"Prior to Benefit Chicago, we were seen as a cute, boutique company," says Brenda Palms-Barber, founder and CEO of Sweet Beginnings. "Now with the Benefit Chicago investment, we are doing the things that for the first time have given us the strength and credibility to be taken seriously."


By the Numbers

$210 million  
in financing requests
for-profit and non-profit applicants 
$96 million  
in investment capital raised, closing in on our goal of 
$100 million
10 loans
for $25 million with more to close soon
For Benefit Chicago's announcement of new loans, click here.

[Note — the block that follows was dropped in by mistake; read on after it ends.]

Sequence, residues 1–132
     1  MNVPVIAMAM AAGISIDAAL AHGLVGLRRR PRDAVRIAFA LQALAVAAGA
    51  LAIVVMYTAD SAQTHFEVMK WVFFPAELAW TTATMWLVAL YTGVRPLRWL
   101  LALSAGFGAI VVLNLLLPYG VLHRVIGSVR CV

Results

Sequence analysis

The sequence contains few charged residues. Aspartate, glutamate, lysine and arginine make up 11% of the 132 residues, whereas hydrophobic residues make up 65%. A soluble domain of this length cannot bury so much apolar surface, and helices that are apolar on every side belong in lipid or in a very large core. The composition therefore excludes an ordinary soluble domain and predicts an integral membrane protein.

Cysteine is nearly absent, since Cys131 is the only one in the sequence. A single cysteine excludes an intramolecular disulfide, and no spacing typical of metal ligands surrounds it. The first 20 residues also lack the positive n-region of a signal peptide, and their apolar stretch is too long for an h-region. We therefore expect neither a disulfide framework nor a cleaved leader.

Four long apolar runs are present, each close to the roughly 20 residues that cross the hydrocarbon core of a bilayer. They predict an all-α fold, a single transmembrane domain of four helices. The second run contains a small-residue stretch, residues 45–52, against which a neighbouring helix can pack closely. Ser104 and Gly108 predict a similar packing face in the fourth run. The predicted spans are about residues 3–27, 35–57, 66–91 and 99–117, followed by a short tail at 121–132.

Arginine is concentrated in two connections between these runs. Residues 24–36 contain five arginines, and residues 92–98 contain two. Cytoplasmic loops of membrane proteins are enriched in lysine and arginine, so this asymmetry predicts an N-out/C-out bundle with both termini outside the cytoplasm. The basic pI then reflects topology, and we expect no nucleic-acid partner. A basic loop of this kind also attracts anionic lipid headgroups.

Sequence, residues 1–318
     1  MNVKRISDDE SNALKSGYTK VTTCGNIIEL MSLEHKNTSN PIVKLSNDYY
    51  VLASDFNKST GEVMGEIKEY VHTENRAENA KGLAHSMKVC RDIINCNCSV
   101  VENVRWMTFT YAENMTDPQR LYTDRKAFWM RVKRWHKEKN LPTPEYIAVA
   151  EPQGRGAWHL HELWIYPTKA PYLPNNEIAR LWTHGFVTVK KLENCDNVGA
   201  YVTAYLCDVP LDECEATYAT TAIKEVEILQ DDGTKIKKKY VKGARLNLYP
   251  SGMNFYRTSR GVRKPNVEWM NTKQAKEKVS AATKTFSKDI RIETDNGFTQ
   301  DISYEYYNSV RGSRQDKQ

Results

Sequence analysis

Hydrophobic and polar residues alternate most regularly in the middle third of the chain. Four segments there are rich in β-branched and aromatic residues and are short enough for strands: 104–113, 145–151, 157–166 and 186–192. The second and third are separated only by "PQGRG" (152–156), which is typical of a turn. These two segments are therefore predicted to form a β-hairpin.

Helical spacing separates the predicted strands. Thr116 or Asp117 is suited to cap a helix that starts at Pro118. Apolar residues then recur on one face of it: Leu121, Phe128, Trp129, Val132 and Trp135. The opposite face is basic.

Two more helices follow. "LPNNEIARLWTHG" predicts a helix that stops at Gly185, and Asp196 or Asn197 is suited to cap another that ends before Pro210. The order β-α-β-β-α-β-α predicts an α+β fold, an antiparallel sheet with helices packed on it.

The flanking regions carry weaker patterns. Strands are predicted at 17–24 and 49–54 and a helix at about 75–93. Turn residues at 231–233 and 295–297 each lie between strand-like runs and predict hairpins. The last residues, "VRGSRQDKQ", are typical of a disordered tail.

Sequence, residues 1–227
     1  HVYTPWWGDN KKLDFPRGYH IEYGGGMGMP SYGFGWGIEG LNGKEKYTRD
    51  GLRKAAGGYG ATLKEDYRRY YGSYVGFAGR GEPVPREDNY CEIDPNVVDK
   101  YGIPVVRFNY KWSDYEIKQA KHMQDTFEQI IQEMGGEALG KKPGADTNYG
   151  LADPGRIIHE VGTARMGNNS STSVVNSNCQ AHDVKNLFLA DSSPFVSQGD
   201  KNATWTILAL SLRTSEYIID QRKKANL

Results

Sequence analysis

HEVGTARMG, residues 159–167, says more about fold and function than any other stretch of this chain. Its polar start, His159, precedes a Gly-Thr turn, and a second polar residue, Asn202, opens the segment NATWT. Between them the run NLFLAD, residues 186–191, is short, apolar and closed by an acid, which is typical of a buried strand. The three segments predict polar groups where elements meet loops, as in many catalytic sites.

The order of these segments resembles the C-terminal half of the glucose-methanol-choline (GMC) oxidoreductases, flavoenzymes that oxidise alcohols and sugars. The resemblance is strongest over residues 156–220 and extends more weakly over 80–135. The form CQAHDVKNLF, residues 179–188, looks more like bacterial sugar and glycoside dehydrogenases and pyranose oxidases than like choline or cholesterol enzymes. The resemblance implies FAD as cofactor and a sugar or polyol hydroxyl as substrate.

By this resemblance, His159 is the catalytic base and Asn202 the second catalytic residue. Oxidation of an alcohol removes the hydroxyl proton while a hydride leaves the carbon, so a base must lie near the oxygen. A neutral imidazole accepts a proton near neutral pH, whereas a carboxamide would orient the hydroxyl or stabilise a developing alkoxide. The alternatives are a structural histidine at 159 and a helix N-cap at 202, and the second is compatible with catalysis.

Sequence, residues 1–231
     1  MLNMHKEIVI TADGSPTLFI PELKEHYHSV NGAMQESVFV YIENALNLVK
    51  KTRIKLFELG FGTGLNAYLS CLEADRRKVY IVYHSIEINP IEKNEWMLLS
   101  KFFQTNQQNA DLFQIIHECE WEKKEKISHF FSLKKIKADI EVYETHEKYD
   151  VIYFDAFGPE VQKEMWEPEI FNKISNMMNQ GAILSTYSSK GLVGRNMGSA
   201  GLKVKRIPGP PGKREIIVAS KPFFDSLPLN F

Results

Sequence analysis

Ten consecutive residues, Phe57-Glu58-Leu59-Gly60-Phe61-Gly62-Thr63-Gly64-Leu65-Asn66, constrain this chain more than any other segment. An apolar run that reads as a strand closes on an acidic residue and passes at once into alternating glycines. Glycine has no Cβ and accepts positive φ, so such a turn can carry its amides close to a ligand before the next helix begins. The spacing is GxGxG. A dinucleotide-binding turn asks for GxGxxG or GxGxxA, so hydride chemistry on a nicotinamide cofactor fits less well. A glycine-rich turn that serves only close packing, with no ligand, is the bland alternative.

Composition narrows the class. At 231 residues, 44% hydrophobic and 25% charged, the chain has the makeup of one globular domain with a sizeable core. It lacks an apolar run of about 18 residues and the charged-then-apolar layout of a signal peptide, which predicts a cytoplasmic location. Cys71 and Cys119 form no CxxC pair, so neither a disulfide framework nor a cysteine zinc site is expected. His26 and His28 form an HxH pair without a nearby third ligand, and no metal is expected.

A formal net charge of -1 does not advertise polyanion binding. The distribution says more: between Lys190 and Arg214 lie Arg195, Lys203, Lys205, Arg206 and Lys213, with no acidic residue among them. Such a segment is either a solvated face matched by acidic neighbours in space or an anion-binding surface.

News and Views
Stanford Social Innovation Review | Sa rah Murray
"We look to fill the gaps in the financial ecosystem," Towns says. "We believe that when that ecosystem is strong, our communities are strong and businesses can thrive." | Dave Freidman, CEO, AutonomyWorks
Dave Freidman shares his motivation in founding AutonomyWorks, their success during the last five years, and his thoughts about their future in this video interview.

Crain's Chicago Business  | Alby Gallun
"We're looking for buildings in good condition in strong neighborhoods," said CIC President and CEO Jack Markowski. "It's not the be-all and end-all. It's a nice pragmatic step in the right direction."

Crain's Chicago Business  | Alby Gallun
"If we can use those properties as a spark, you can start other economic development activities in and around the area," said William W. Towns, executive director of Benefit Chicago.